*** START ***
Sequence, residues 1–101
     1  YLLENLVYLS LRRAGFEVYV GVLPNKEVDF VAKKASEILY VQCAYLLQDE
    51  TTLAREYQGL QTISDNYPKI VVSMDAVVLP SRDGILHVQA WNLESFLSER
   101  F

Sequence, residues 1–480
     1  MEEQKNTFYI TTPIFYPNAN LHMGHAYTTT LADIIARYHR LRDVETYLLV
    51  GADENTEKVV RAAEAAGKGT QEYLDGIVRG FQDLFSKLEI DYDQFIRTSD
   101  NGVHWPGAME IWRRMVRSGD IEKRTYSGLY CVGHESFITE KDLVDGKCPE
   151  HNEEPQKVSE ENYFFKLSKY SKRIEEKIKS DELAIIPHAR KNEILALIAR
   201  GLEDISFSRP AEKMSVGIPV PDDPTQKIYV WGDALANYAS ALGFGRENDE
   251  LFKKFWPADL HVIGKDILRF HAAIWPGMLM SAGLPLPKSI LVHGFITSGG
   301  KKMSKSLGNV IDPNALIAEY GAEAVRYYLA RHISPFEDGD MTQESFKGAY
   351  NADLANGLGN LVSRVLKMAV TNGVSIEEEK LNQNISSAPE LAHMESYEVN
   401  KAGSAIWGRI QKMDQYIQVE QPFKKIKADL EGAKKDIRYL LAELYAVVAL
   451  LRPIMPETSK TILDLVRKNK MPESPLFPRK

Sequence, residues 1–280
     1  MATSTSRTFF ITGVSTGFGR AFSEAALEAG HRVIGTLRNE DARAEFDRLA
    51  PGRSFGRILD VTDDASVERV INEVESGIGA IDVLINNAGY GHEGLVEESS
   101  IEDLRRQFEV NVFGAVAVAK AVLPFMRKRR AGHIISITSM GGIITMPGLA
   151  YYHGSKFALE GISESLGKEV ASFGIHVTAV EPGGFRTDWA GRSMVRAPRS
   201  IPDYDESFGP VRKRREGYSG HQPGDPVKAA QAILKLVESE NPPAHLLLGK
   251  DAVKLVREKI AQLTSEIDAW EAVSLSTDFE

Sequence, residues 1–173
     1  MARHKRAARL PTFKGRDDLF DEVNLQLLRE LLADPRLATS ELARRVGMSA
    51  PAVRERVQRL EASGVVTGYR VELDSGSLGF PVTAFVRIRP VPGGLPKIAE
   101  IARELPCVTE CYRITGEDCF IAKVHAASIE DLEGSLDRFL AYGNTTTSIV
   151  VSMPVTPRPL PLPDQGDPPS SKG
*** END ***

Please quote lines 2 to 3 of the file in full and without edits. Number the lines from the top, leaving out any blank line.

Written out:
     1  YLLENLVYLS LRRAGFEVYV GVLPNKEVDF VAKKASEILY VQCAYLLQDE
    51  TTLAREYQGL QTISDNYPKI VVSMDAVVLP SRDGILHVQA WNLESFLSER